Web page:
Hemorrhoids: An embarrassing or distasteful topic for many. Understandably! The end stage of digestion is a subject few wish to discuss. However, the National Institute of Health calculates that 75% of Americans have hemorrhoids at least once in their life1. My own clinical experience confirms this statistic — so hemorrhoids are indeed a topic worth discussing.
Hemorrhoids are swollen and inflamed veins in the lower part of the rectum or anus. They may result from straining during bowel movements or from the increased pressure on these veins during pregnancy.
Internal hemorrhoids are located inside the rectum, or they may develop under the skin around the anus (external hemorrhoids). Symptoms include:
- Painless bleeding during bowel movements. There may be small amounts of bright red blood on your toilet tissue or in the toilet bowl
- Itching or irritation in your anal region
- Pain or discomfort
- Swelling around your anus, which may be sensitive or painful
Excessive sitting – at work or at home – is associated with hemorrhoids. Preventing or eliminating hemorrhoids is yet another good reason to get up of the couch and go for a walk or to take a stroll at lunchtime during the work week. Exercise helps prevent constipation. Be careful to choose workouts that do not involve excessive muscle straining, such as weight lifting. These activities can exacerbate your condition.
Add fiber and fluid to your diet. A diet high in fatty foods and low in fruit and vegetables does not provide sufficient fiber – necessary for normal bowel movements. If you are a woman, strive to consume 25 grams of fiber each day. Men require nearly 40 grams to for optimal digestive health2. The NIH provides a handy list of fiber-rich foods here.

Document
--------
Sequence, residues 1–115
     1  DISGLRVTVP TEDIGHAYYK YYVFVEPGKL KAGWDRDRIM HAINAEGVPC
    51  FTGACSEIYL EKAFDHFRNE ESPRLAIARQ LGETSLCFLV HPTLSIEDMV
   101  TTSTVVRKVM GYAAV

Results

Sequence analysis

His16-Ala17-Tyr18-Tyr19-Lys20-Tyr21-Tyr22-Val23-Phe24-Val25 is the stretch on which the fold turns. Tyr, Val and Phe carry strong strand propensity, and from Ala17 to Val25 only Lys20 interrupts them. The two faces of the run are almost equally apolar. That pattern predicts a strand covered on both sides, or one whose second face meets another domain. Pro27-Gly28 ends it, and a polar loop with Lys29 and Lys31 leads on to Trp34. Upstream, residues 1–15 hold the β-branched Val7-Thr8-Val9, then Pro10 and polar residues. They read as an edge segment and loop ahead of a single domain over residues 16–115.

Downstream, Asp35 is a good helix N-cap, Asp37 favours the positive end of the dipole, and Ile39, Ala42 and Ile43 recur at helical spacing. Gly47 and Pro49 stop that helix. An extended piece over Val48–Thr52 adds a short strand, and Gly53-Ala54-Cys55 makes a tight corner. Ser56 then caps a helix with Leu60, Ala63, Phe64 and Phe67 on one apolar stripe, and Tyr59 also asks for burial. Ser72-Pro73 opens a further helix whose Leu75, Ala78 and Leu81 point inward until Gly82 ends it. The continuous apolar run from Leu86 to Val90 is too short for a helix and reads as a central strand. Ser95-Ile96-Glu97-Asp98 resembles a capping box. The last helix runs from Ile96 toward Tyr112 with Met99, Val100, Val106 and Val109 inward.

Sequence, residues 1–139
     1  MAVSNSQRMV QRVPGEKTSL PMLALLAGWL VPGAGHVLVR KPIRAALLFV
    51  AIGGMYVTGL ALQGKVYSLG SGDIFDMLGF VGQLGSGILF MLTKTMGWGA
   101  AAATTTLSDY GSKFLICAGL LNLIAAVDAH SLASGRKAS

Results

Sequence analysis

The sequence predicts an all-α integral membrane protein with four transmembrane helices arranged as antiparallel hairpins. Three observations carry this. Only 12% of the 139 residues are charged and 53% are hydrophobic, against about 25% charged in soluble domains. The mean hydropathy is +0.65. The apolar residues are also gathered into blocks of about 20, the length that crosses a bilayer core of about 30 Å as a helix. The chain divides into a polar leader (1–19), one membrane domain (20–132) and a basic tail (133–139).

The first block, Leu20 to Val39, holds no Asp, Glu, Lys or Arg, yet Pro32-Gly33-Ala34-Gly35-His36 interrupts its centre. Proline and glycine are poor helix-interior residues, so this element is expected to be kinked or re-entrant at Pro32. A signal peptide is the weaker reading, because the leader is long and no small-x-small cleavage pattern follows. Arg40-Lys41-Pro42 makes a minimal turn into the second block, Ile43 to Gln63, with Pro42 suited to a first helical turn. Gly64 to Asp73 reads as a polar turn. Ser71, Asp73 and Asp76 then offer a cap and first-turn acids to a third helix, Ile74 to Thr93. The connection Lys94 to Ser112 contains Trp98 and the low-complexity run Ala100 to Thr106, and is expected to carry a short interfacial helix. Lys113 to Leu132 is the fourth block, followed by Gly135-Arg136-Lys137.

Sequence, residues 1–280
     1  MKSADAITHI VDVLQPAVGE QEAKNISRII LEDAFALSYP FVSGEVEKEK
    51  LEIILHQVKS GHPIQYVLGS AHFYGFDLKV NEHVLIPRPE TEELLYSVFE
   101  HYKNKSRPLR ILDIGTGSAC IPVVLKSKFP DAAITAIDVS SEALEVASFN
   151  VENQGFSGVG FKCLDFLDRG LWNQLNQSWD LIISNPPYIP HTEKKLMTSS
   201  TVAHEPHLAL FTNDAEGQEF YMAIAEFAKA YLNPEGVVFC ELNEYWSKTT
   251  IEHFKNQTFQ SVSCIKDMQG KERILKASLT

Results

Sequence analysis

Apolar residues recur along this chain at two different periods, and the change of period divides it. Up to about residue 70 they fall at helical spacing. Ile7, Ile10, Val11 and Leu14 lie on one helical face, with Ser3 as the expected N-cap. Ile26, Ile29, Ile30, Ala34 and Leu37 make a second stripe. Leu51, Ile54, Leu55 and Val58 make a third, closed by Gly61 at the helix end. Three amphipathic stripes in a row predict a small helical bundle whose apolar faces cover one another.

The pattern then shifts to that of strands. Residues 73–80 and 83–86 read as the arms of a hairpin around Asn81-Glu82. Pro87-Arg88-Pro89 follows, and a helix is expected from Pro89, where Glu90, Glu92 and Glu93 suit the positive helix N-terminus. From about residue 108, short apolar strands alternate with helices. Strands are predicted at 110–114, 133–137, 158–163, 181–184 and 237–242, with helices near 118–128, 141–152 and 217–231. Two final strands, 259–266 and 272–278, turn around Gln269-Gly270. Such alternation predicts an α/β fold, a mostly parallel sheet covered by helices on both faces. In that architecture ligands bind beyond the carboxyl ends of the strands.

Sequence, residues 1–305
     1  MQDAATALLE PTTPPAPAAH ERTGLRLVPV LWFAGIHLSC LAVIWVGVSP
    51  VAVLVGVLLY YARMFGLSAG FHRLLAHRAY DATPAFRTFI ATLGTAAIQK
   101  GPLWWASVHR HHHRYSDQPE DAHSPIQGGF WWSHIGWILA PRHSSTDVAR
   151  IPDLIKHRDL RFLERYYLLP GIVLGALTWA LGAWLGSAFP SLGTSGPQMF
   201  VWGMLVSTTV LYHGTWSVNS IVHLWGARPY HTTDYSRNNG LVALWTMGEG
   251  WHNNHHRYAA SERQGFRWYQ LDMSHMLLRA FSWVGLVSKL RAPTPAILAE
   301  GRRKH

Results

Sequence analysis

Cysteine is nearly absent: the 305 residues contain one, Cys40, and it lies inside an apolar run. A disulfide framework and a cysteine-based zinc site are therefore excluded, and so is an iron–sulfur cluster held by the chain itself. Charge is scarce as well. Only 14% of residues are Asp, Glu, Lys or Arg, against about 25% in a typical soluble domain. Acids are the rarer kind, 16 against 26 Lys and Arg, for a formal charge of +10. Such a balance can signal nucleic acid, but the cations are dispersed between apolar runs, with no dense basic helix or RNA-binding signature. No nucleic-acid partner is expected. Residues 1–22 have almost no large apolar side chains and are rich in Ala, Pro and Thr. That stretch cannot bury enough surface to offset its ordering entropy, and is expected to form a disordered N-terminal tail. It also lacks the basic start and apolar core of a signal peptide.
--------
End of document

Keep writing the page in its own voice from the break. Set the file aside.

If you need to manage the discomfort and itching around the anus often associated with inflammation, witch hazel compresses, ointment or medicated pads often provide relief.
Also, the major bioflavonoids found in citrus fruits may be beneficial3. They can reduce anal pain and discharge during an acute hemorrhoid flare-up. Side effects flavonoids appear to be rare and mild – promising treatments for pregnant women suffering from hemorrhoids.
If you have hemorrhoids, please consult your physician. Fortunately, simple diet and lifestyle changes often reduce the swelling and discomfort and relieve symptoms.
If at-home treatments do not relieve symptoms, medical treatments may be needed
If your hemorrhoid symptoms are associated with a marked change in bowel habits or if you are passing black, tarry or maroon stools, blood clots, or blood mixed in with stool, consult your primary care physician immediately. These types of stools can be associated with more complex issues in your digestive tract.
3MacKay D., Hemorrhoids and varicose veins: a review of treatment options. Altern Med Rev. 2001 Apr;6(2):126-40.